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Michael Champion wrote:
> Back to the USPTO ... the best explanation I've heard for all this is
> that the USPTO culture assumes that any previously patentable idea is
> in their database. Since software was not patentable for a long time,
> many good software ideas were never submitted to the USPTO, hence were
> never put in their database. Thus, they are simply blind to the
> innovations of the first 30 years or so of computer science and
> engineering. I have no idea of the source or the validity of that
Furthermore, in the case of XML you have 30 years of worldwide uses of
markup languages for containing things, notably with ISO 8879 SGML
There is absolutely no way that *anyone* can have a database of prior art;
Robin Cover's XML site is pretty good for somethings, and there are
a couple of books listing structures (mine and Dave Megginson's),
but these just scratch the surface.
It is sad to see the USPTO become a laughing stock like this. Is it their
rules or practises or capabilities or the legislation they work under?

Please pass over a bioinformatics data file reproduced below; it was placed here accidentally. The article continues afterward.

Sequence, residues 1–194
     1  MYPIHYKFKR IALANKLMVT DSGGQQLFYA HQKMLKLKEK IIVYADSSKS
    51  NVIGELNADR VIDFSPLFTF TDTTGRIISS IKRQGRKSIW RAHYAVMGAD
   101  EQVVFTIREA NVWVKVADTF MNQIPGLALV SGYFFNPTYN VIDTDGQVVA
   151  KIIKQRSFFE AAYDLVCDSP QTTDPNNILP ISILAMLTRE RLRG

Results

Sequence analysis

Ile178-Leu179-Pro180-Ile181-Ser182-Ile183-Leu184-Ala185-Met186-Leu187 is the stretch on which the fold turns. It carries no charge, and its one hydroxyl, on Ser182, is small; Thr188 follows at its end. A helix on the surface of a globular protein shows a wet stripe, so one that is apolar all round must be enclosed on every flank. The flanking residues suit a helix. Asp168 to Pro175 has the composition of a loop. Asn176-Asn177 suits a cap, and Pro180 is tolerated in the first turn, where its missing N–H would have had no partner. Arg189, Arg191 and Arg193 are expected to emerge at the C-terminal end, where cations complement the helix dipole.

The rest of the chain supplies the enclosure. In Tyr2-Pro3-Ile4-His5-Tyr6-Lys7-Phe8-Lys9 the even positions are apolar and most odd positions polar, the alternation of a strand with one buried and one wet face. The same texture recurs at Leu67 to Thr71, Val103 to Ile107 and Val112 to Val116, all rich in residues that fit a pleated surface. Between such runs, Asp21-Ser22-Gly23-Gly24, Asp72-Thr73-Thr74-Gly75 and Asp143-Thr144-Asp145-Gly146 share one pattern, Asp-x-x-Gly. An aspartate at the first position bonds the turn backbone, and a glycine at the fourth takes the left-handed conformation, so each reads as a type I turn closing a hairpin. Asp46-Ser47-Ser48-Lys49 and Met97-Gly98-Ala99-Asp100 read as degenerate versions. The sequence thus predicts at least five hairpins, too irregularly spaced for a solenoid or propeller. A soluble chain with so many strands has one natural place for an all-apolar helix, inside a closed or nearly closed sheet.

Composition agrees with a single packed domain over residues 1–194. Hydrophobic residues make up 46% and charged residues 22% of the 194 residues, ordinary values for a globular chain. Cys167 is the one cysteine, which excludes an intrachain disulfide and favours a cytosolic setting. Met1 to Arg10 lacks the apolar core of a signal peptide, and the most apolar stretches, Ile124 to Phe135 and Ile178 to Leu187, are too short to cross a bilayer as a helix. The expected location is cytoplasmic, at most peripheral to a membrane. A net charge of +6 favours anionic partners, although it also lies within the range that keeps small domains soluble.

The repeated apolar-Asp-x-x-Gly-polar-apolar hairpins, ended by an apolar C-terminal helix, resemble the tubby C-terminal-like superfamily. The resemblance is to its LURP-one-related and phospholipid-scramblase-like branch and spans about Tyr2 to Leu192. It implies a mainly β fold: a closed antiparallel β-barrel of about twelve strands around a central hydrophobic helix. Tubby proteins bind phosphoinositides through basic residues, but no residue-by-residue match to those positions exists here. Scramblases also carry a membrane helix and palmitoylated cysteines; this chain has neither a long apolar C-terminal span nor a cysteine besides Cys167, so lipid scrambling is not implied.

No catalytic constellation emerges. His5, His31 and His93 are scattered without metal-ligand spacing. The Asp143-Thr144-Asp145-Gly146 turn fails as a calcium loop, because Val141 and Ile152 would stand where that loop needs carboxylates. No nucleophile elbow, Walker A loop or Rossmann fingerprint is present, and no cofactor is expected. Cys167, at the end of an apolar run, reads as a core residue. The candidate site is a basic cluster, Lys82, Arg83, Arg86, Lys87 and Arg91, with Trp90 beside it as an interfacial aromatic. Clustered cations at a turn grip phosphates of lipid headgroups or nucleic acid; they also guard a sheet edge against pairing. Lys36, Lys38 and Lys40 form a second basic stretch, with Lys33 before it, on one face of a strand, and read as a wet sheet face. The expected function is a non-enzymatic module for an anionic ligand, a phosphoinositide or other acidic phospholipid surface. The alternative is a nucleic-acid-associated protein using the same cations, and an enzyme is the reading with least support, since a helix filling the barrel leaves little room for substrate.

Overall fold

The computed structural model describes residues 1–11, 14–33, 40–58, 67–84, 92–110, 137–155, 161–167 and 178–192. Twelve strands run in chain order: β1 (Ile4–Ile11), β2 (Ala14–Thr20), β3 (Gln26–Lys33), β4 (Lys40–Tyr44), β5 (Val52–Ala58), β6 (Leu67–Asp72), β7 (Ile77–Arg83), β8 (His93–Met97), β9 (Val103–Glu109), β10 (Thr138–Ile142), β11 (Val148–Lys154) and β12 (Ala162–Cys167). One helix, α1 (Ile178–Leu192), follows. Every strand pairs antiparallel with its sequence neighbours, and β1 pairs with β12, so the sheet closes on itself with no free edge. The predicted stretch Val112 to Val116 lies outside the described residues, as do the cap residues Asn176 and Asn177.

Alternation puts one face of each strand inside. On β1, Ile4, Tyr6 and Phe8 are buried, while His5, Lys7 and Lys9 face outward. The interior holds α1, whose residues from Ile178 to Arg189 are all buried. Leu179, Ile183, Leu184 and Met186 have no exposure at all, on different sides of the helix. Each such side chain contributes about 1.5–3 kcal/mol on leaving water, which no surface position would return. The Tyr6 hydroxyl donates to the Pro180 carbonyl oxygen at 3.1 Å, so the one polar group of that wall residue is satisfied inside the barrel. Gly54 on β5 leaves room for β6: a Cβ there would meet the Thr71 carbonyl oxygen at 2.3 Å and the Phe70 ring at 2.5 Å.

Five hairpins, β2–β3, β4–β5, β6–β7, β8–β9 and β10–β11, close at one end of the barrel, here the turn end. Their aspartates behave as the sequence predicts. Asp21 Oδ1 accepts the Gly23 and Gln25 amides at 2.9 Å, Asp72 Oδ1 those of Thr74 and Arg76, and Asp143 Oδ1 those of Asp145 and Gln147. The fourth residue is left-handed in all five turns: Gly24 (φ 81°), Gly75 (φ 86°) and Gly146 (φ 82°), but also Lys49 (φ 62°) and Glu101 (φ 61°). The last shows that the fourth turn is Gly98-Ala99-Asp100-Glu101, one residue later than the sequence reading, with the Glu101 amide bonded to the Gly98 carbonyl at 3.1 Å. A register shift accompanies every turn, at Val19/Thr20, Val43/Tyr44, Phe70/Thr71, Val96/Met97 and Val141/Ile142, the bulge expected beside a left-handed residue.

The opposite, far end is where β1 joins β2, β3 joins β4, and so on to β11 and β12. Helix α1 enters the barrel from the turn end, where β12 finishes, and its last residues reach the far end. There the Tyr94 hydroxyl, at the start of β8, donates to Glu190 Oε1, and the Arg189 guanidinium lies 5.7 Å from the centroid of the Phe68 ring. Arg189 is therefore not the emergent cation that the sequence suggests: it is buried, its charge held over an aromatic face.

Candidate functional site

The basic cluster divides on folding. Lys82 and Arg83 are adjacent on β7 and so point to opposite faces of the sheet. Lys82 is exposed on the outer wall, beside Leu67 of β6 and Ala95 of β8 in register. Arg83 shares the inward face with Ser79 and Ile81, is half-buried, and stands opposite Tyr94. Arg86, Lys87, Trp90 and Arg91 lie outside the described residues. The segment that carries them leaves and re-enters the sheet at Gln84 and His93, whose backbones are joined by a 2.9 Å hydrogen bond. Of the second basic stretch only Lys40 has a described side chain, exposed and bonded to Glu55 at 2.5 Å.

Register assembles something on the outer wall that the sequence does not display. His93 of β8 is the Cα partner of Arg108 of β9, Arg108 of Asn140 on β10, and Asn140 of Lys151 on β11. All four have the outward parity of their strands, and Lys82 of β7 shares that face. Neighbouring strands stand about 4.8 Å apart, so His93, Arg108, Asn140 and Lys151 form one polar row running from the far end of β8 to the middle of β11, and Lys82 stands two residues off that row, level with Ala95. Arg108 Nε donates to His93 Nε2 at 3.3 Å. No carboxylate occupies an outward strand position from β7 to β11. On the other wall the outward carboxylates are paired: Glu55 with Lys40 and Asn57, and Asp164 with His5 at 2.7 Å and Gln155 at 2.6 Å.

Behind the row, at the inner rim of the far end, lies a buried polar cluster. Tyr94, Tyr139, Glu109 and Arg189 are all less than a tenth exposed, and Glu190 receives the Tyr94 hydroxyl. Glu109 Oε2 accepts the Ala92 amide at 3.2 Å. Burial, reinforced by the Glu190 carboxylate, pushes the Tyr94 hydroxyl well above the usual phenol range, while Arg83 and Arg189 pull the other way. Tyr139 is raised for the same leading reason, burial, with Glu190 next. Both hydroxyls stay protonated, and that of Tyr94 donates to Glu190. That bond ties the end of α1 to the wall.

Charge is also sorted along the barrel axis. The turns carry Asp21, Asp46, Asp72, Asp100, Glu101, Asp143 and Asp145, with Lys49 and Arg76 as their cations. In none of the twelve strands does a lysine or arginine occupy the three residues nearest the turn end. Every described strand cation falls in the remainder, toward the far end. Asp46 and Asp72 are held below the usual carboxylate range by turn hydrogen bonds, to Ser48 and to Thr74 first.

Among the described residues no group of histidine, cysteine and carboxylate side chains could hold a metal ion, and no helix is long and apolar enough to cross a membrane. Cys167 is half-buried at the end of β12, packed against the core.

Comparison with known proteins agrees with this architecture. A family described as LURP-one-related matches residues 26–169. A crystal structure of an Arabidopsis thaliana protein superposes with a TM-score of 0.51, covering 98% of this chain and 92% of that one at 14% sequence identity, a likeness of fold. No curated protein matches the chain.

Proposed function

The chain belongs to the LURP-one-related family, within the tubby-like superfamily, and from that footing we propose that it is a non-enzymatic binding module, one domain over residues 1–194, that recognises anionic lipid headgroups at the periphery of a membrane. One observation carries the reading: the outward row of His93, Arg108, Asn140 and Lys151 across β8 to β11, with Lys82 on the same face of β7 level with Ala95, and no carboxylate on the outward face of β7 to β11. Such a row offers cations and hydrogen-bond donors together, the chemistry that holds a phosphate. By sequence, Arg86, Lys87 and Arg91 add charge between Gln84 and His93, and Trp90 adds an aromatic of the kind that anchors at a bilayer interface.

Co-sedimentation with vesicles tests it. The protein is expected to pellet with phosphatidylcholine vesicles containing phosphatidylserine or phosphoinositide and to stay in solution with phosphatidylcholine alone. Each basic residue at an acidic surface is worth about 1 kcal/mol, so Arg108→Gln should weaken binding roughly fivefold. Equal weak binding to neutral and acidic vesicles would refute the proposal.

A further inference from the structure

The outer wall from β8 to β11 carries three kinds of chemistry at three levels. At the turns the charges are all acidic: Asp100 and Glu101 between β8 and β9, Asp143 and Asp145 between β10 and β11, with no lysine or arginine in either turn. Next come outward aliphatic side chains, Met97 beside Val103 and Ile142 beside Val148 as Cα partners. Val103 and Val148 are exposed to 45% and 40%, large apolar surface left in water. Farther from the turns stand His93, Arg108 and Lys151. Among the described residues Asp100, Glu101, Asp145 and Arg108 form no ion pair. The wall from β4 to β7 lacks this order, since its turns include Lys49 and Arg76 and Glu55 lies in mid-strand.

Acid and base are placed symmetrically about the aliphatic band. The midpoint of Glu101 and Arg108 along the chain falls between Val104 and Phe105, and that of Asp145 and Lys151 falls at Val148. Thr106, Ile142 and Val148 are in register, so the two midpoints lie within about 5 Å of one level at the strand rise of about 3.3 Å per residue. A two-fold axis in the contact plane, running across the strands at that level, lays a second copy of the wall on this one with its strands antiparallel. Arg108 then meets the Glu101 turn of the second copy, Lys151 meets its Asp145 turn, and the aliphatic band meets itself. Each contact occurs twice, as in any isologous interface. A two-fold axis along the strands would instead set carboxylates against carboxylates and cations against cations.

Perhaps all of them. In Australia we have just negotiated a free trade
agreement with the US: as part of the free trade agreement we are
apparantly agreeing to accept US monopoly rights on intellectual
property: a complete farce!
Horribly, the world's hope now lies with PRC, Taiwan, Japan
and the less developed nations. If their leaders twig that US IPR
is a scam and refuse to sign up, it may help the West get in control.
Just like we are seeing that the developing nations are rejecting
standards that are tied to IPR and developing their own, I expect
at some stage the developing nations will just say "The US-lead
patent system is so obviously corrupt, we cannot accept any
software/business patents at all." The problem is not
pirates from developing countries, it is privateers from established
One trouble I see with IPR is that officers of companies with
any significant IPR assets cannot really say "The system is crap"
without jeopardizing their company's assets and perhaps breaching
their fiduciary duty. The logic of the game propels big companies
to grab IPR whereever they can just as it propels small companies
to have IPR to get investment.
Bt.w. I have a blog on this "MS XML Patent Machine patent in doubt"